Preferred drug lists and preauthorization policies, which are designed to hold down the cost of medical care, may delay-or even prevent-people who have asthma from getting the most effective treatment.
Even more alarming, some drug companies are reimbursing pharmacies or home health care providers for unapproved medications in nebulizer form (a fine spray or vapor) that can actually worsen asthma symptoms.
These findings come from two studies by the Allergy and Asthma Network/Mothers of Asthmatics (AANMA).
The First Study
The first study gathered information from 19 Medicaid patients and 24 health-care providers about the medications they use and prescribe. Nancy Sander, lead author of both studies and president and founder of AANMA, and her colleagues conducted two focus groups-one for patients and one for health-care providers-in Atlanta; Birmingham, Alabama and San Antonio, Texas.
Both patients and providers said that preauthorization policies and preferred drug lists limit their access to effective asthma treatment. These procedures result in "undue suffering, poorly controlled symptoms, missed work and school days, delays in obtaining prescriptions and emergency department visits," both groups said.
Dr. Jennifer Kim, an allergist at Children's Memorial Hospital in Chicago, says that preferred drug lists and preauthorization policies, such as those established by Medicaid, can definitely be a problem. "For a group of people who already have poor access to health care, this only puts up more barriers and more hoops for them to jump through to get the treatment they need," she says.
The medications Kim has the most trouble obtaining for her patients are nonsedating antihistamines and Xolair (omalizumab), an injectable medication that is used to treat severe asthma, she says.
"The problem with preferred drug lists is that it's all about the dollar. It's not a list that's preferred by physicians or by patients" based on what works best, says Sander.
The Second Study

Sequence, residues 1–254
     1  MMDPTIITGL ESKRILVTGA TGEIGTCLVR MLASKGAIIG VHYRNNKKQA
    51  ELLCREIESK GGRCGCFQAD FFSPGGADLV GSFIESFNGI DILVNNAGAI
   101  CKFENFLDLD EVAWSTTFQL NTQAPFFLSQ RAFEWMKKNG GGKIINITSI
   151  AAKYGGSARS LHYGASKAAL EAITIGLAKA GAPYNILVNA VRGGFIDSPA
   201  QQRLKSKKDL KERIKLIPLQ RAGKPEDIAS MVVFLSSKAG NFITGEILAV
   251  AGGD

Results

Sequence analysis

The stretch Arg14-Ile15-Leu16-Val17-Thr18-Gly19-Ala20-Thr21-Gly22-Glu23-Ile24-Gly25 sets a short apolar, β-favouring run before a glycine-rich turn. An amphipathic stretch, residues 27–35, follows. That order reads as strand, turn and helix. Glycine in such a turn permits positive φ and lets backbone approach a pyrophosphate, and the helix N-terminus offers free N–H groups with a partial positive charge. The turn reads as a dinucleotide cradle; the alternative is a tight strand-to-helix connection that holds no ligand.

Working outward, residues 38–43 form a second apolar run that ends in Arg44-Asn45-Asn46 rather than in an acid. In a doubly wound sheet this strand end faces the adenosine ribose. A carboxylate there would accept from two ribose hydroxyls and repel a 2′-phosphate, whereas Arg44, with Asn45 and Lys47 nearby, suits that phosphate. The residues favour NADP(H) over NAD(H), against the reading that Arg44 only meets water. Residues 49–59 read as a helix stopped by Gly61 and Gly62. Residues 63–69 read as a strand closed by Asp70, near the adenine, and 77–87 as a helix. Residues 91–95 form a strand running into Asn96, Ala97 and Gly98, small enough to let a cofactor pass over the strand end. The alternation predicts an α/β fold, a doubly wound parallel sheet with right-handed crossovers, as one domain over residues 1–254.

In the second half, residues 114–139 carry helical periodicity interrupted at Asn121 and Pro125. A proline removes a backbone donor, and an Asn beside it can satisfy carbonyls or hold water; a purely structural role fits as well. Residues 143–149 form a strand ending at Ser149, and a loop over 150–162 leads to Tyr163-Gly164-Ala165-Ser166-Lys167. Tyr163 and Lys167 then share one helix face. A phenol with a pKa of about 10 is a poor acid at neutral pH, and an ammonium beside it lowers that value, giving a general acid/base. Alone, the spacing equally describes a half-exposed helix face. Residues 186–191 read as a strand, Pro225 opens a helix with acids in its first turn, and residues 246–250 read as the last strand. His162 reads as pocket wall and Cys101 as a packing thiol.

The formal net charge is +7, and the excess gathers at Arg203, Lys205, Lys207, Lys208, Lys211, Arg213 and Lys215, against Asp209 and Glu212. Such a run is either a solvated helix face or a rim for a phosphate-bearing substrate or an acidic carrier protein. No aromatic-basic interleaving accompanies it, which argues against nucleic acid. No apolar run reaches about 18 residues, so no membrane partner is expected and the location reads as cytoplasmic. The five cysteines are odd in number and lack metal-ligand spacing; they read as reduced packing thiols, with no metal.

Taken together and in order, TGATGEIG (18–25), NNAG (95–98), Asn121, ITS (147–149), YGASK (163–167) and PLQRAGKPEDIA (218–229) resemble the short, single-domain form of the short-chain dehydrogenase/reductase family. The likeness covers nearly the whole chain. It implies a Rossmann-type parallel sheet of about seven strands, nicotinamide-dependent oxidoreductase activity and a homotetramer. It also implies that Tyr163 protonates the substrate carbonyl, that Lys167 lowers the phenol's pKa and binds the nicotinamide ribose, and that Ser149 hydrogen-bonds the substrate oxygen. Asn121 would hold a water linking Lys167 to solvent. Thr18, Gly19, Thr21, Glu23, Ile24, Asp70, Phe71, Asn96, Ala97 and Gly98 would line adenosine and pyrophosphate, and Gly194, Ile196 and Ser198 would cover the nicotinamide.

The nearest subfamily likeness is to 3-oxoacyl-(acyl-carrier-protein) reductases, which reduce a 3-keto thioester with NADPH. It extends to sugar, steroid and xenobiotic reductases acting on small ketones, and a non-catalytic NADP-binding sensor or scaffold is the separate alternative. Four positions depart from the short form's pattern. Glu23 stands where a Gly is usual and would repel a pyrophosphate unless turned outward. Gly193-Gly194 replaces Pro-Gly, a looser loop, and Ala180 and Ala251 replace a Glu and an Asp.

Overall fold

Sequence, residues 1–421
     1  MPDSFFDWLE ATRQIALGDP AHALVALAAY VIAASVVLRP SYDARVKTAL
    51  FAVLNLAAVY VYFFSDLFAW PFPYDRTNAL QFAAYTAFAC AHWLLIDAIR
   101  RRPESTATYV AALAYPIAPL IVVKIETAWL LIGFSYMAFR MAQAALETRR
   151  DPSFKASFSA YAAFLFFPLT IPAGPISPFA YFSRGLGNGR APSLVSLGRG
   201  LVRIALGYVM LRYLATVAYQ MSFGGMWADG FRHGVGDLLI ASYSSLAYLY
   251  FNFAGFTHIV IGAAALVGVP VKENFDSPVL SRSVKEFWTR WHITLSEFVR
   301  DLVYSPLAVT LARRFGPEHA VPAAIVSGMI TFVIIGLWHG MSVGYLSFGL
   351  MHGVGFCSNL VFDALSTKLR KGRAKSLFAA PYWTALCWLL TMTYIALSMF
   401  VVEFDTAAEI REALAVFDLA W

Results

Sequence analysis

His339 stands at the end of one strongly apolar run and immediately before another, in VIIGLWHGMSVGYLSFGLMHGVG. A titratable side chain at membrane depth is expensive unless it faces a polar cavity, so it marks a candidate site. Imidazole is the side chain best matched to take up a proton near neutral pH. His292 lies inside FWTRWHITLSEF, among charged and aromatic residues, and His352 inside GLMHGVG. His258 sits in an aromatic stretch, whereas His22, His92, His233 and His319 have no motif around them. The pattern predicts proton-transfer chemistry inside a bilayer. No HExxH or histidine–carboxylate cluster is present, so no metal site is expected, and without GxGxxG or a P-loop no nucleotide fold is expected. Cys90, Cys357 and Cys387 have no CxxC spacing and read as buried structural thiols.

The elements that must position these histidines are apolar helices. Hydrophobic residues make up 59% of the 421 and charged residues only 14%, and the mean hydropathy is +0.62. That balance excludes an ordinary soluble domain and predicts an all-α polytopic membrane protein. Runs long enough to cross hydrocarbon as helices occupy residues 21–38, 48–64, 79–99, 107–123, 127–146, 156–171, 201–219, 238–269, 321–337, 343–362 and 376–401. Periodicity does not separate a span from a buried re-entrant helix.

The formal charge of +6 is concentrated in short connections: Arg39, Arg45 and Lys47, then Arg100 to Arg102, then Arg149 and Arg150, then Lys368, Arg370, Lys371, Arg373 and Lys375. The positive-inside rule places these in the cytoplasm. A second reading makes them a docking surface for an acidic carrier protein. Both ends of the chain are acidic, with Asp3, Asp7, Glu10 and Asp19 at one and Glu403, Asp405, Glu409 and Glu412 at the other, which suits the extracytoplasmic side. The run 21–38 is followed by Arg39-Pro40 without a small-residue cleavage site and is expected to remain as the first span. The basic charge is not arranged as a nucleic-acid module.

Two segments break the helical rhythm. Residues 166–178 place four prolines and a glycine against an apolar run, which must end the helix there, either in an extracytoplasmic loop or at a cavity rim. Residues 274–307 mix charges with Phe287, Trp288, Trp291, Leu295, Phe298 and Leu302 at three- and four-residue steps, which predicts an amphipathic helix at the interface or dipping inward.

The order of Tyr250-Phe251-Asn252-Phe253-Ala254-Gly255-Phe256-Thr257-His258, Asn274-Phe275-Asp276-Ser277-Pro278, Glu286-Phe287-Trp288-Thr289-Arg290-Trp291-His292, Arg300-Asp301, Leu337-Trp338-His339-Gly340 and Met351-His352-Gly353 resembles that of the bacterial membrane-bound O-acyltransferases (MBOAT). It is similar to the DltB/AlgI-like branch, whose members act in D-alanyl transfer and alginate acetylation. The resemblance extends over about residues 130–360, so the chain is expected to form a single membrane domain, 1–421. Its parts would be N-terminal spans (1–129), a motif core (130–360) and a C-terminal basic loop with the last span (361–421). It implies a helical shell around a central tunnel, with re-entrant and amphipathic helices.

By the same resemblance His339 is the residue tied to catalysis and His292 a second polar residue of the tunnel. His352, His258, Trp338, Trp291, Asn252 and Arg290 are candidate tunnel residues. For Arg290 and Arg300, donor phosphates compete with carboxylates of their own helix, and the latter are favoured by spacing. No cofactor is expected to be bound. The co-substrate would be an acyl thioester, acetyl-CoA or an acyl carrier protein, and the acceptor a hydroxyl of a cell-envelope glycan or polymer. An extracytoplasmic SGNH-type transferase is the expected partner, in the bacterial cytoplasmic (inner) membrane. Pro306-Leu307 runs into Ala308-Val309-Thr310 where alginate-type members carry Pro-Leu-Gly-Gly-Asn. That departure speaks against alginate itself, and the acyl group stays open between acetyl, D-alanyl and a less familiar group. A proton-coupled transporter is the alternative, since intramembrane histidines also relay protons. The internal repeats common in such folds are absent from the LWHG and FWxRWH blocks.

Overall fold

The second-and more alarming-study detailed reports of the improper substitution of nebulizer medications. Sander and her team found that, without the knowledge of the patient or doctor, some nonapproved compounded medications are being used instead of the nebulizer medications approved by the US Food and Drug Administration (FDA). These compounded medications do not offer the same quality control that FDA-approved medications do.
"We don't know the true strength of these medications," says Dr. Michael Blaiss, the immediate past president of the American College of Allergy, Asthma and Immunology. "There can be contaminants, such as fungi or bacteria, in these medications and one can get infections. We're talking about something that children and adults with severe lung problems are inhaling. This can really be a dangerous thing for patients."
Most of these compounded medications are approved in other forms, such as a powder or tablet, according to Blaiss, but not in the nebulized form. "These medications have to be aerosolized at a certain particle size, and if they're not, they won't reach the right portion of the airways to be effective," says Sander.
What Patients Can Do
While the FDA and individual states investigate, there are steps asthmatics can take to protect themselves, Sander says. FDA-approved medications come in plastic vials, on which all the information is embossed. Medications that come with a paper label have probably been compounded, she says. Medications should also arrive in sealed, foil containers with the prescribing information enclosed. Patients who receive medication that is loosely arranged in the box should check with their doctor or AANMA.
If any patients think they may have received improperly compounded medication, they can also call the AANMA at 800-878-4403 of 866- 227-2934.